As technology has progressed through the centuries, more and more tasks have been automated—that is, more work that previously was performed by humans is now being performed by machines. We’ve had such success in this endeavor that we often take it for granted, but automation is not a given. Innovation requires a thorough understanding of the task, how it is currently performed by a human, and how a machine could perform it, if possible.
The way humans and machines do work is very different. Machines are good at repeating operations a truly astounding number of times, while humans are good at solving novel problems. Machines can handle complicated tasks, but they must be designed to do so by a human (for now at least). In situations where there can be a wide variety of unpredictable challenges, it is simply not possible to design for them all.
So, by and large, jobs where the tasks are predictable can be automated, like fabricating and assembling automobiles, and jobs where the tasks are unpredictable cannot be automated, like performing exploratory surgery or training horses. Does this mean that technology has nothing to offer the surgeon, horse trainer or customer service rep? Of course not! Rather than attempting to design for every possible situation, if we design machines that are appropriate for a majority of the situations a worker will face, we will greatly improve their productivity, while relying on the abilities of the individual to handle the unforeseen. Luckily, there’s a word for such a machine, intended for use by humans: a tool.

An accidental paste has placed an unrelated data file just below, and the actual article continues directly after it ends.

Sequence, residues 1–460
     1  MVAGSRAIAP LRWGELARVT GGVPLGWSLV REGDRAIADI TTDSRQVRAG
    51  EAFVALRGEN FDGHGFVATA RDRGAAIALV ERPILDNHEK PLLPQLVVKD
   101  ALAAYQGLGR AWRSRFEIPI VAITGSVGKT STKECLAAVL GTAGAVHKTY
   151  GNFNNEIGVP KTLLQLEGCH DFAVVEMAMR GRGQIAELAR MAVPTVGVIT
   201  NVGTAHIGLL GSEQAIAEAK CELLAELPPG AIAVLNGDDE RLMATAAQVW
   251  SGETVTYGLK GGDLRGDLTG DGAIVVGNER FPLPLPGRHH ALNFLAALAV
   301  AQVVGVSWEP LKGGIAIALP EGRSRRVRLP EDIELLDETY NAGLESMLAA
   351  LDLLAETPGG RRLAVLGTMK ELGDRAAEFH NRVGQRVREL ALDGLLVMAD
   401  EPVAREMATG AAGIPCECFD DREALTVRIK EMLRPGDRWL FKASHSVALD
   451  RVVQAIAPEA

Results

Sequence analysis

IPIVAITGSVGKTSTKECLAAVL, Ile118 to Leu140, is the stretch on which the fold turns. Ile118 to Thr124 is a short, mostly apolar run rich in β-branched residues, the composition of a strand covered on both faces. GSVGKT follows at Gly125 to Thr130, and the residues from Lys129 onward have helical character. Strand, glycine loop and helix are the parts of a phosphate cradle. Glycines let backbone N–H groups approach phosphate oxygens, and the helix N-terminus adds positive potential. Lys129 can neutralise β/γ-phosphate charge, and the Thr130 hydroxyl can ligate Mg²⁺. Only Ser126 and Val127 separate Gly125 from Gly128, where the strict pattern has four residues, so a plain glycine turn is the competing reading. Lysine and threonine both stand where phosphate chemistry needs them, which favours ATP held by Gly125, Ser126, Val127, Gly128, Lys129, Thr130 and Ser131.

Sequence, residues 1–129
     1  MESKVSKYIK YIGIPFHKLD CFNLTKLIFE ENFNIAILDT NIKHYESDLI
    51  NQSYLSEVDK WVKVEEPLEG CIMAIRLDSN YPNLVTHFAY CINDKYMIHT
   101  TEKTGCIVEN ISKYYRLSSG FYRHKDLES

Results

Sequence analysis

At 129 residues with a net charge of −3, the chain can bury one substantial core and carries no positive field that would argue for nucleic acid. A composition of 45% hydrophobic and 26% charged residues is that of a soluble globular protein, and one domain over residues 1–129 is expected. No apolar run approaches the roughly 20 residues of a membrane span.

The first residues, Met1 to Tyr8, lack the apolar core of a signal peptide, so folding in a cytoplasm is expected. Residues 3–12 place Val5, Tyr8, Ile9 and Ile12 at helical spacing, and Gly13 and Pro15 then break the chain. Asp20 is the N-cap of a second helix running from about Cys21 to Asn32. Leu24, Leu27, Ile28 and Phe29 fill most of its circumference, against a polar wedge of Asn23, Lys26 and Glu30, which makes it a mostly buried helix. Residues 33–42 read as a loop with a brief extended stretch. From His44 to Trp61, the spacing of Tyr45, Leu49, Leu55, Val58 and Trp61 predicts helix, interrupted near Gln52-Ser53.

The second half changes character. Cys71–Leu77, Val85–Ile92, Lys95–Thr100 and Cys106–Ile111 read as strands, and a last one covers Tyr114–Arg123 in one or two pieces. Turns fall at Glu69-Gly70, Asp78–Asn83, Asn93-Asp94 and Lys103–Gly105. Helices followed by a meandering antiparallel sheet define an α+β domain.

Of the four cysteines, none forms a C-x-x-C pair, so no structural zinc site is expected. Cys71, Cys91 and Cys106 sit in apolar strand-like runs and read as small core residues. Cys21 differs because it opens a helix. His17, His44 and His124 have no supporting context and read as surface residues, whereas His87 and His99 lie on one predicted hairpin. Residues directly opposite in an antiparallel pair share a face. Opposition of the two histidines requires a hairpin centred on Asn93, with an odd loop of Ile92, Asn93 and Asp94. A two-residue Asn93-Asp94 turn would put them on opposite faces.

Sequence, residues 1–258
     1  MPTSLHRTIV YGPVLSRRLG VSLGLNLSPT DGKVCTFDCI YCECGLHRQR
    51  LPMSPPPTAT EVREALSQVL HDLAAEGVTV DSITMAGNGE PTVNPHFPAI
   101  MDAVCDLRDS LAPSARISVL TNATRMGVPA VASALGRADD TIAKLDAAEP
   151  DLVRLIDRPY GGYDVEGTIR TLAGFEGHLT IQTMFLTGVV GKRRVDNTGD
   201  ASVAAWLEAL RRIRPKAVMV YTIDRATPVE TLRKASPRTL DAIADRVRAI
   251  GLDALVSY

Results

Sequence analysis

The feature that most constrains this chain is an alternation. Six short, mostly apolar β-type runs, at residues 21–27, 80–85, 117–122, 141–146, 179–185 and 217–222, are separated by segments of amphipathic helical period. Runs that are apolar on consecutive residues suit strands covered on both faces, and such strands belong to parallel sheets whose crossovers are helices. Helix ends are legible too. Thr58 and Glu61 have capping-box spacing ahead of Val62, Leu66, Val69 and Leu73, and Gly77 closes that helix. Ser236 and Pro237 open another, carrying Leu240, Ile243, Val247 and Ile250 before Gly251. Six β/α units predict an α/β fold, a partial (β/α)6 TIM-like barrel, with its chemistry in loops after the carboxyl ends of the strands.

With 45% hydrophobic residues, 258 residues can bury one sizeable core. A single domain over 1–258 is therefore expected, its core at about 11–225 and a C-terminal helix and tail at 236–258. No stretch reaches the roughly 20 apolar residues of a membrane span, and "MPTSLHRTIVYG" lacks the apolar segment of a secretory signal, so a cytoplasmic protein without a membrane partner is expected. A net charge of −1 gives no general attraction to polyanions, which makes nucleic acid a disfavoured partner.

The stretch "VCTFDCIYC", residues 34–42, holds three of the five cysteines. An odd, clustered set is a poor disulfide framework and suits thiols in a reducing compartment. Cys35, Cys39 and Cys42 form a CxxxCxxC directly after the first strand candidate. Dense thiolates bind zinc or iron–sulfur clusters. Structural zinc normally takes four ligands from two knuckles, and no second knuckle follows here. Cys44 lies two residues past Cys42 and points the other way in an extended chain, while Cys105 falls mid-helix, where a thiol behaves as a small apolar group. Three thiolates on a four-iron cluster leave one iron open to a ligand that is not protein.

At Sensentia, this ancient understanding of the relationship between humans and machines is what directs our innovation. Our technology is developed not to replace humans, but to help them perform even better, by giving them the best possible tools for the job.
About the Author
Nick Farmer is a manager of the Knowledge Engineering team at Sensentia. Nick’s background in linguistics serves as a foundation for programming and natural language inquiries. In his spare time he can be found restoring his Edwardian era home or creating constructed languages for popular science fiction TV shows such as Star Trek and The Expanse.